Press Release: Maryland Awarded Nearly $6.62 Million In School Improvement Funds

Grants Target Struggling Schools

For Immediate Release                                            Contact: Bill Reinhard, 410.767.0486

Baltimore, MD (March 13, 2014)

The U.S. Department of Education (USDE) today announced a $6.619  million grant to the Maryland State Department of Education to be used to strengthen the achievement of struggling schools.

The grant announced by U.S. Education Secretary Arne Duncan is part of more than $95 million in grants made available to 10 states through the School Improvement Grants (SIG) program.  

“When schools fail, our children and our neighborhood suffer,” Secretary Duncan said.  “Turning around our lowest-performing schools is hard work, but it’s our responsibility, and represents a tremendous opportunity to improve the life changes of children.  We owe it to our children, their families and the broader community.  These School Improvement Grants are helping some of the lowest achieving schools provide a better education for students who need it the most.”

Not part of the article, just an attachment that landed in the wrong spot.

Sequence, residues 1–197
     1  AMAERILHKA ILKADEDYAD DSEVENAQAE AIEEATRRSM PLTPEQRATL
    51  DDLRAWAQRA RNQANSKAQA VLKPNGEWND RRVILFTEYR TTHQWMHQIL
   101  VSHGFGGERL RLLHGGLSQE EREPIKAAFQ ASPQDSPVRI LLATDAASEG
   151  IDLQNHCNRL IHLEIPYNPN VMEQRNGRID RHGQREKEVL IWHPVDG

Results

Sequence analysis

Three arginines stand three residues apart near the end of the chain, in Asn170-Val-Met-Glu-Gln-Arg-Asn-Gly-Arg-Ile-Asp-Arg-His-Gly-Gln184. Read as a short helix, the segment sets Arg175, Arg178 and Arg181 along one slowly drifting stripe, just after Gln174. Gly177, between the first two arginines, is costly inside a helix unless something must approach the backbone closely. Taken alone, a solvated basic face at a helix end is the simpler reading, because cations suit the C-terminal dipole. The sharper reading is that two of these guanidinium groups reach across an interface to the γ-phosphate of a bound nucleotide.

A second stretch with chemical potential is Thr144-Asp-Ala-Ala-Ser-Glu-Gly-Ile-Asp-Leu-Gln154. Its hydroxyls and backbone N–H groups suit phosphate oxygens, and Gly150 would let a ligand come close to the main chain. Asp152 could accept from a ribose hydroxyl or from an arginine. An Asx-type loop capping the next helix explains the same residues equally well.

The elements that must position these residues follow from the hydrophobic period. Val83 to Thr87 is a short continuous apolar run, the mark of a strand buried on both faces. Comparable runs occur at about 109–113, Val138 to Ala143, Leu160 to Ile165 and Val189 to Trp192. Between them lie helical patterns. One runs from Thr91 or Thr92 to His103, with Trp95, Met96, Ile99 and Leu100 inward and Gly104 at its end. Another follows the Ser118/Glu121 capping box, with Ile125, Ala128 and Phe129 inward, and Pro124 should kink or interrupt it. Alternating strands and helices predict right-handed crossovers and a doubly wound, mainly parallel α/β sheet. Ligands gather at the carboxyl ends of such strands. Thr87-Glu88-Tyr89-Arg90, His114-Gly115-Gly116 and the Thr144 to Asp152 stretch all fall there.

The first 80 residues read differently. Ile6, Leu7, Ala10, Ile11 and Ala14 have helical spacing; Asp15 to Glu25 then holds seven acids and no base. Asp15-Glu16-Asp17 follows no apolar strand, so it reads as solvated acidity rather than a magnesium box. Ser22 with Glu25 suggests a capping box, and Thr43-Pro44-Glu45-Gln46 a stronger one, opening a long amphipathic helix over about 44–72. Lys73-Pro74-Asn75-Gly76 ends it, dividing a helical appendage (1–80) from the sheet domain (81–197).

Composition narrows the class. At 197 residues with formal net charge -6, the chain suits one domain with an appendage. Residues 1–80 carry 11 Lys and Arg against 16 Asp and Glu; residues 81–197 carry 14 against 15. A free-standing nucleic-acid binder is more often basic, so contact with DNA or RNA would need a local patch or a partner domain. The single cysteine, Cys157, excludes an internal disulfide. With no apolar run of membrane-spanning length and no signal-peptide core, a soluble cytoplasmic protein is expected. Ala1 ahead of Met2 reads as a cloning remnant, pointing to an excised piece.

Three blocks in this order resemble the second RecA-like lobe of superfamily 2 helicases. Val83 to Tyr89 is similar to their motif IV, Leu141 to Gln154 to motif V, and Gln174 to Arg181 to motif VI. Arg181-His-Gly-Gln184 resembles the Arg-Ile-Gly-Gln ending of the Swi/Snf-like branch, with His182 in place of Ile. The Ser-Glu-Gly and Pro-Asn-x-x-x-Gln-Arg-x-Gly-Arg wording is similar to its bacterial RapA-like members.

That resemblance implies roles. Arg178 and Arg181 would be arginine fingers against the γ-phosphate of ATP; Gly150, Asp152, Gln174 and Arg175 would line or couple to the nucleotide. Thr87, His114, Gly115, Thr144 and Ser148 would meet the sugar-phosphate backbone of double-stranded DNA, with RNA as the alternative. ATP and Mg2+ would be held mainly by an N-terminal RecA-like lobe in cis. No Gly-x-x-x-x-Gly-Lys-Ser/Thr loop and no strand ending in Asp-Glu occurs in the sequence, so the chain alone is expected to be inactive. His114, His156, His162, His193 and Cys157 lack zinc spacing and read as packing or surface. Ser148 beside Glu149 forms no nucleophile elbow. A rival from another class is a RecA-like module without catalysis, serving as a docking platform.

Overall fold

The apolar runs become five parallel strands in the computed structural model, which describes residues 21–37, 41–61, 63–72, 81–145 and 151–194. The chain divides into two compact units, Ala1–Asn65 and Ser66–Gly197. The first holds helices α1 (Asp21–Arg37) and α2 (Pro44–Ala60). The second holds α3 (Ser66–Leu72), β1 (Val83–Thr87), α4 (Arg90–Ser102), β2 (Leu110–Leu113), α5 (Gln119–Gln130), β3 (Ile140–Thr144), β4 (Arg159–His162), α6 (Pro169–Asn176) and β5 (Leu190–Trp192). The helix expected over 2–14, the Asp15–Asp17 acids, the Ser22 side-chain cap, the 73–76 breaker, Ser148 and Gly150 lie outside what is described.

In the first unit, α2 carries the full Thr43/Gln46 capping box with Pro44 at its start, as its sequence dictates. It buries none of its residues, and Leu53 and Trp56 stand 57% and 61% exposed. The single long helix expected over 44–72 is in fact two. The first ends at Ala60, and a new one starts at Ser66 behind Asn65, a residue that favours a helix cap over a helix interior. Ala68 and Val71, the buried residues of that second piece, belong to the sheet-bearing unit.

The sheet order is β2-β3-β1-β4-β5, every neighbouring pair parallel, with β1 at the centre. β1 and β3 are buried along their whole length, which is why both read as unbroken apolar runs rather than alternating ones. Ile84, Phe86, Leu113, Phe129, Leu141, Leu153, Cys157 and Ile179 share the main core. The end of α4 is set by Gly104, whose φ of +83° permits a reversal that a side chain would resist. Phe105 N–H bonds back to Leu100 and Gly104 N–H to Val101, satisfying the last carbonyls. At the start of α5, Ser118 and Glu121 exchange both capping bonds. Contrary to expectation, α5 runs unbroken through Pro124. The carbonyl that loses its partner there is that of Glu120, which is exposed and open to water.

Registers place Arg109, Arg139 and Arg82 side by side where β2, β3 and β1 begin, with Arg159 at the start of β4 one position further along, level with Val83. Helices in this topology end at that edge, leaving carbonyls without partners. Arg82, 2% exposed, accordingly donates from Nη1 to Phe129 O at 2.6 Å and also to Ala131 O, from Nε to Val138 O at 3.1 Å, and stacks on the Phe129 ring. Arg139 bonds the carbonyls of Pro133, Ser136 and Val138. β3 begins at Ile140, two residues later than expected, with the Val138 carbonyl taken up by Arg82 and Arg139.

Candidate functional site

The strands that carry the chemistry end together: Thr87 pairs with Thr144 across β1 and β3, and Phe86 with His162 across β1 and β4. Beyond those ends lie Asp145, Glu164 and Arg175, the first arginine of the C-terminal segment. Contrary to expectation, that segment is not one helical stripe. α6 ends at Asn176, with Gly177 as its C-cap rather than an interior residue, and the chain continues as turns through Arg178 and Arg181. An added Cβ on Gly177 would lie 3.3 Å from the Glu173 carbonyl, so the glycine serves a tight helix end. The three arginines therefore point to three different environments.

State Superintendent of Schools Lillian M. Lowery said the SIG program has helped raise achievement in schools serving some of Maryland’s most economically disadvantaged communities.

“Maryland is focused on raising achievement in schools throughout the State, and this critical funding will be put into action in some of our most lowest-performing classrooms,” said State Superintendent of Schools Lillian M. Lowery.  “We have had great success in many of our schools over the years, but more work lies ahead.”

The U.S. Department of Education has studied SIG effectiveness and found that many programs initiated by local systems have helped to turn schools on the right path.  For example, the department recently profiled the success of Baltimore City’s Frederick Douglass High School, which has seen measurable progress over the life of its grant.

Maryland’s new SIG grant funds will be competitively distributed to local systems.  School districts will apply to the state for the funds this spring. When a school district applies, it must indicate the methods it will use to improve achievement at each school. 

Six Maryland school systems are eligible to apply: Anne Arundel County, Baltimore City, Baltimore County, Dorchester County, Harford County, and Prince George’s County.

To see Maryland’s application, go to:

For more information on the SIG program, go to:


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